Wednesday, February 28, 2018

Dubai may beat China to largest waste-to-energy plant

Waste-to-energy is not your old, polluting incinerators. The technology has gotten amazingly good. They make the most sense when you can capture and use the heat as well as the energy (as in district heating.) Presumably Dubai doesn't need a lot of space heat but maybe they can use it for industrial processes.

Waste-to-energy is not without its critics. Some worry that societies will be forced to create waste to feed them. In Sweden, their recycling numbers still stayed very good despite the waste-to-energy option but they are now importing waste from other countries. In Sweden they also use the W2E plants to store wind energy at night when demand is lower.

Tuesday, February 27, 2018

Encircling Black communities with highways chokes people to death

Social Justice is an important part of sustainability. African Americans are much more likely to die from asthma, for a number of reasons, but our transportation infrastructure is one of them.

Take a look a the images in this article, of a community in Orlando completely surrounded by freeways. I learned in this article that the EPA air quality measures, while helpful, don’t assess the smallest particles from internal combustion engines which are the most harmful to lungs.

But imagine all the vehicles on these highways are electric, producing no emissions, making only tire noise. It can’t happen fast enough for this neighborhood.

Even Breathing Is A Risk In One Of Orlando's Poorest Neighborhoods - HuffPost

Monday, February 26, 2018

A $1 of prevention in City Planning saves $6

Not really a surprise but some important data that might inspire action.

According to this new report by the National Institute of Building Sciences, when the Feds spend a $1 on mitigation grants (to address foreseeable natural disasters including those caused by climate change), they save us $6 on future disaster costs. And when communities build these strategies into their building codes, that can save $4 on each dollar spent. Both strategies together could save 600 lives and a million injuries.

Here's a link to where you can download the report:

And here's a more detailed summary from their page:
More than a decade after releasing its original report on mitigation, the National Institute of Building Sciences issued Natural Hazard Mitigation Saves: 2017 Interim Report. The 2017 Interim Report highlights the benefits of two mitigation strategies. The Institute's project team looked at the results of 23 years of federally funded mitigation grants provided by the Federal Emergency Management Agency (FEMA), U.S. Economic Development Administration (EDA) and U.S. Department of Housing and Urban Development (HUD) and found mitigation funding can save the nation $6 in future disaster costs, for every $1 spent on hazard mitigation.

In addition, the project team looked at scenarios that focus on designing new buildings to exceed provisions of the 2015 model building codes. The 2017 Interim Report demonstrates that investing in hazard mitigation measures to exceed select requirements of the 2015 International Codes (I-Codes), the model building codes developed by the International Code Council (ICC), can save the nation $4 for every $1 spent.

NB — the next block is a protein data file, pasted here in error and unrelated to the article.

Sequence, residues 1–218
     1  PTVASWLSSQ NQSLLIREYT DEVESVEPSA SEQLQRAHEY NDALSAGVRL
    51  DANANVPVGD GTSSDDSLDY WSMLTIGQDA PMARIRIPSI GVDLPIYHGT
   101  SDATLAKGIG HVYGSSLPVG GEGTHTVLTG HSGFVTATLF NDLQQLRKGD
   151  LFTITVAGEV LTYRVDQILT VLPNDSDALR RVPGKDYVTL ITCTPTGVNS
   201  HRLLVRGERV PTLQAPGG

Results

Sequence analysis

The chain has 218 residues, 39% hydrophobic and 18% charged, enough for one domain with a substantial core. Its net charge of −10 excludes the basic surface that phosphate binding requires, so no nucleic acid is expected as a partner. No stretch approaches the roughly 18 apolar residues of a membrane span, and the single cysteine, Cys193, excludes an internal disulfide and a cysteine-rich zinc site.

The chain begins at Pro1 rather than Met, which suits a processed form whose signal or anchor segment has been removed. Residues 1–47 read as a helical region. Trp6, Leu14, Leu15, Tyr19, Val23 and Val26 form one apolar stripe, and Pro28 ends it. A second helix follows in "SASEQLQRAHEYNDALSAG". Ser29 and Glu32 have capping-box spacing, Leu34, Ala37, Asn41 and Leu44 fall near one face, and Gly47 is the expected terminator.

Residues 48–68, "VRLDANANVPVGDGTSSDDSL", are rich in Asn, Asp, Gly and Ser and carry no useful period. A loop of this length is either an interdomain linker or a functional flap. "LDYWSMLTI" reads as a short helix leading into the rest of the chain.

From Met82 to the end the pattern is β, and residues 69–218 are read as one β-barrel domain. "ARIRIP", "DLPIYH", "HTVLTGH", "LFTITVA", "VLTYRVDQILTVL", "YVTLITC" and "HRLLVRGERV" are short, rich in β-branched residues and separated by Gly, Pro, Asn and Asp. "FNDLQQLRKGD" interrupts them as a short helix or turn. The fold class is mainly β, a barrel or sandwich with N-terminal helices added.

The project team estimated that just implementing these two sets of mitigation strategies would prevent 600 deaths, 1 million nonfatal injuries and 4,000 cases of post-traumatic stress disorder (PTSD) in the long term. In addition, designing new buildings to exceed the 2015 International Building Code (IBC) and International Residential Code (IRC) would result in 87,000 new, long-term jobs and an approximate 1% increase in utilization of domestically produced construction material.

How does Arizona score on solar?

According to this Electrek article, Arizona rates 22nd in solar, a C. The new proposed modernization plan is getting good marks for moving the goalpost:

Currently, Arizona has a 15% renewable energy mandate by 2025, a goal which has already been met. This new proposal will see that increase to 80% by 2050, “with the ultimate goal of being 100%.” Nuclear power is included in the clean energy target.

And they're proposing the second largest storage capacity at 3 gigawatts.  (How much is a gigawatt?)

If approved, the plan would make Arizona “the first state to attempt to modernize its renewable portfolio standard to reflect the recent advances in energy technologies,” Lon Huber, a consultant who worked to craft the original RUCO proposal, said. “What this plan is saying is we aren’t going to build our future on natural gas — the backbone of the system over the next 40 to 60 years will not be gas.”

8 Sustainable Business Trends in 2018

University of Cambridge has long been pushing sustainability. In the US we often miss trends that are bubbling up in other parts of the world. This is an interesting report on 8 trends that will affect business in 2018. Here's a summary quoted from their announcement. What do you think?

  • Volatility is the new normal: From disruptive technologies to political uncertainty, the future is chaotic and it is here to stay.
  • Sustainability to shape the face of business: Growing public consciousness of sustainability issues and political leadership gaps will increasingly open the way for business to step up to the challenge of sustainability leadership, and either lead, adapt or fail.
  • Enduring loss and damage from extreme weather: After the unprecedented climate events of 2017, vulnerable cities, countries and people will face yet more extreme and disruptive weather events, with the potential to impact business though value chain disruption and stranded assets, and contribute to social unrest. 
  • Human versus machine: Growing levels of automation will not only begin to transform the future of business but also the future of work.